Brexit: The Parliament takes the hand, May put his resignation in the balance


by Elizabeth Piper, Kylie MacLellan and Andrew MacAskill

LONDON (Reuters) – Theresa May has proposed on Wednesday to renounce his function of Prime minister if the withdrawal plan negotiated with Brussels was finally adopted by the House of commons, trying to get the support of dozens of voices that he was lacking in the conservative Party, its own political formation.

If the departure of the leader is not of a nature to modify the terms of the agreement, on the other hand might offer the eurosceptics a margin wider in the negotiations that could open up to and then draw the framework of future relations between Great Britain and the european Union.

“I felt what was the mood of the party,” said Theresa May in a meeting of conservative mps.

“I know that there is a desire for a new approach and a new direction – in the second phase of the negotiations of the Brexit, and I will not interfere.”

“I’m ready to leave this job sooner than I imagined to do what is beneficial to our country and to our country.”

Several members of parliament eurosceptics have announced that they would support finally the withdrawal agreement, but their volte-face might not be enough since The democratic unionist Party (DUP) in Northern Ireland has indicated that it will not support the withdrawal agreement negotiated by Theresa May and the european Union, since it does not guarantee the integrity of the United Kingdom.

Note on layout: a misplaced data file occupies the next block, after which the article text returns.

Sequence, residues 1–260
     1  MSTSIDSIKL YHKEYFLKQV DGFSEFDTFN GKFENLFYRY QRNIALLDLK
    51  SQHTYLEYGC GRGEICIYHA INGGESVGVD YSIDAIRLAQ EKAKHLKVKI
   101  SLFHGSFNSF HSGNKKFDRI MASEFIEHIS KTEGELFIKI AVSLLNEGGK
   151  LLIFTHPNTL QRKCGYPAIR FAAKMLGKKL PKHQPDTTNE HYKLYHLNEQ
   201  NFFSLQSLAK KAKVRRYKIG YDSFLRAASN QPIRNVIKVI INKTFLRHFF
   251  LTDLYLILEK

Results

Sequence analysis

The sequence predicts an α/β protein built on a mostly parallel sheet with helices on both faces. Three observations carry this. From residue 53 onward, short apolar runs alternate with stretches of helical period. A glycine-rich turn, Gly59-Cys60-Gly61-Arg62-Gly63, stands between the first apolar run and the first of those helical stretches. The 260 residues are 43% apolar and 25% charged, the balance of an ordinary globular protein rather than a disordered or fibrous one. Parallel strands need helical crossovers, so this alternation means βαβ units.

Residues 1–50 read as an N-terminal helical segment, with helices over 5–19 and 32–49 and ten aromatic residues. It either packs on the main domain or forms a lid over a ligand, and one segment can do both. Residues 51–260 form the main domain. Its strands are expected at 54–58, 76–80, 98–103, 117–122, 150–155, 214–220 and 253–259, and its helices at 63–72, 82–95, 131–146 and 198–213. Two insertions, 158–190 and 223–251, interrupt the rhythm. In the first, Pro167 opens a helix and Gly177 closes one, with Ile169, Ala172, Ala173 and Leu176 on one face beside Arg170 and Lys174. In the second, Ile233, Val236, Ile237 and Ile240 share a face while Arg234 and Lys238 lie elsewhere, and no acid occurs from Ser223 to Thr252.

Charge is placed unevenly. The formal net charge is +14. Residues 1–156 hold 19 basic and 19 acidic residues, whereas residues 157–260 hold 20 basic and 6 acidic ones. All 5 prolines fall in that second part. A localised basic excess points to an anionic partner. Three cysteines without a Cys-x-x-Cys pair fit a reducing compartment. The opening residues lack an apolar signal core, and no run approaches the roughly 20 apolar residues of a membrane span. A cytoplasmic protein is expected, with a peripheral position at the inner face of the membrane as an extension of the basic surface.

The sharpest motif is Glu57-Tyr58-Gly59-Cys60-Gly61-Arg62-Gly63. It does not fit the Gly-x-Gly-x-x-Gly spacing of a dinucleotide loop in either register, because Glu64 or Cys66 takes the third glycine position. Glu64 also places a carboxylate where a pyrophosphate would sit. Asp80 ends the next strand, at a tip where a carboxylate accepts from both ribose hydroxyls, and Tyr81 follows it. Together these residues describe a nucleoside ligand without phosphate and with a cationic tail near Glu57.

Invited to speak on Wednesday evening, meps approved a text confirming the report of the Brexit while rejecting then the eight options that were offered.

The Parliament is now waiting to be contacted a third time by the government to take a decision on the withdrawal agreement, even if the president of the House of Commons has warned that it would not allow the vote unless the terms of the text to be changed substantially

(Nicolas Delame for the French service)

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